Saturday, August 14, 2010


I don’t know that there is an actual argument going on over who has the head of John the Baptist, but in a very interesting article from CNN there are four countries in which religious groups claim to be the possessor of John’s head:

Italy: A church in Italy has had it on display dating from the 13th century.
France: A church in France says they brought it back from Istanbul in 1200 after crusaders sacked the city.
Syria: A mosque in Syria which was built over the site of a church whose purpose served as a shrine for John’s head contained therein.
Germany: a museum claims to have John’s head, which is one of a number of relics collected in the 16th century.

Not coming from a religious background where Saints, or relics of Saints, was of any concern, I find it difficult not to laugh at what I consider fairly preposterous. I don’t mean any disrespect, but an argument about the bones of St. John is another matter.

All my cogitating about John’s head has come about because of a religious and political flap in Bulgaria over a small alabaster box containing a few bone fragments, which was uncovered in an archeological dig. This box was discovered under the altar of a 5th century basilica. According to CNN, a later monastery in the same location was dedicated to John the Baptist, and the excavation leader said that this was indirect evidence that the relics (which included fragments of skull and face bones, as well as a tooth) were St. John’s. So now there are religous, political and scientific personages with a vested interest in these relics.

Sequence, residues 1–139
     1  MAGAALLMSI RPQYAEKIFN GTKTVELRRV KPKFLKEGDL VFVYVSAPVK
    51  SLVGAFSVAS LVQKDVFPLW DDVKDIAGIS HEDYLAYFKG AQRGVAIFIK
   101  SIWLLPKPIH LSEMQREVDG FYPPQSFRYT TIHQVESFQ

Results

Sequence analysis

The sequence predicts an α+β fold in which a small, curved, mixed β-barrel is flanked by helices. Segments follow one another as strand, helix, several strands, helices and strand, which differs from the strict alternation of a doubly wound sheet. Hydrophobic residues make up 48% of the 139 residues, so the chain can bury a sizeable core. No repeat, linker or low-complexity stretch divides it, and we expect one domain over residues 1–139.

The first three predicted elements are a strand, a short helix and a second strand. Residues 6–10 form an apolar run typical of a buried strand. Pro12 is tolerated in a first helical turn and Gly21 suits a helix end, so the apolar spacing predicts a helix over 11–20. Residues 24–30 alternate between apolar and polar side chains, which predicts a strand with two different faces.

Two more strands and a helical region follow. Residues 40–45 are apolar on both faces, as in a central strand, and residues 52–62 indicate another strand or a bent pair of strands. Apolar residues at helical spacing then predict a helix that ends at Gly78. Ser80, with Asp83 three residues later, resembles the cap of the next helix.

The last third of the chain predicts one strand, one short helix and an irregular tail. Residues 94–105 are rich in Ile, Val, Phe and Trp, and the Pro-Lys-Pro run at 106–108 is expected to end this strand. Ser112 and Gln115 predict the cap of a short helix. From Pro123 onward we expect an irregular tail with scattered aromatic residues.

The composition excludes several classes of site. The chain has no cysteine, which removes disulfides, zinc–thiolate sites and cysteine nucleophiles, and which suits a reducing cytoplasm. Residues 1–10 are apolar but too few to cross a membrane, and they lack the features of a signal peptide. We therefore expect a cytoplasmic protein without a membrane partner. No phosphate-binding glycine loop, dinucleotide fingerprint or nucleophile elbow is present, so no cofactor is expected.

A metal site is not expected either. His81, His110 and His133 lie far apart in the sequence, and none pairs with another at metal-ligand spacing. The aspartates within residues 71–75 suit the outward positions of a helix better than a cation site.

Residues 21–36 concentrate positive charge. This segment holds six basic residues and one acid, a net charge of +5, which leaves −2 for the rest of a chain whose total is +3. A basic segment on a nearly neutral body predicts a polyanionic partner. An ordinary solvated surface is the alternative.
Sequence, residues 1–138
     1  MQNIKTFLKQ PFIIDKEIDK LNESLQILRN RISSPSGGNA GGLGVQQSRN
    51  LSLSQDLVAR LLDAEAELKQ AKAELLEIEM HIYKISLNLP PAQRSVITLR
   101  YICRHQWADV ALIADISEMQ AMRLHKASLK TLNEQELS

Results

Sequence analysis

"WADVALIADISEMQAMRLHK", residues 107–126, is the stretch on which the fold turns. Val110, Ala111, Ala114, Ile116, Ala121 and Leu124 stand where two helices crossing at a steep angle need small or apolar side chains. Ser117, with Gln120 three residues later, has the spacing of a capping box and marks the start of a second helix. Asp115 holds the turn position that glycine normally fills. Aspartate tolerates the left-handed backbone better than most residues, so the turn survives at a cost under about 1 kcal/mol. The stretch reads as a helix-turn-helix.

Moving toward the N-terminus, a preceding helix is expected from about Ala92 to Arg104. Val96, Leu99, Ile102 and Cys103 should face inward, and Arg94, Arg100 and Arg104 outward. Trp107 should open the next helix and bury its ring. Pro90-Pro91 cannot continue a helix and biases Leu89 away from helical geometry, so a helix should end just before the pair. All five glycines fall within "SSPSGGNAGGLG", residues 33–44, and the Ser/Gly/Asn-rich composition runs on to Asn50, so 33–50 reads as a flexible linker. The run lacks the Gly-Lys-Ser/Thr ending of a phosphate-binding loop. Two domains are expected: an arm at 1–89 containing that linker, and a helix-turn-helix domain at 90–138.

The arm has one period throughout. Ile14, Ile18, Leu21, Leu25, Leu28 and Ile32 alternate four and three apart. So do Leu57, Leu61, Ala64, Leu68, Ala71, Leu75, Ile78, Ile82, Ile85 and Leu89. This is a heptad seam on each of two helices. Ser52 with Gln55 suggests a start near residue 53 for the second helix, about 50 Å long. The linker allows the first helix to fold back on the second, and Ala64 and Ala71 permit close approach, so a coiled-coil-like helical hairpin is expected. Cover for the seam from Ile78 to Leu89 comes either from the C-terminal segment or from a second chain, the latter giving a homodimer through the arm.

Reading about the Bulgarian brou-ha-ha made me laugh. It involves lots of entities and expletives. But what does one expect? Religion has never gone easily, and certainly one group may have a dickens of a time lending another group a bit of charity regarding their cherished beliefs. I read, and laugh and try to avoid scorn, even when I hit something that is borderline preposterous. Don’t judge, I say to myself.

But for interesting reading, try

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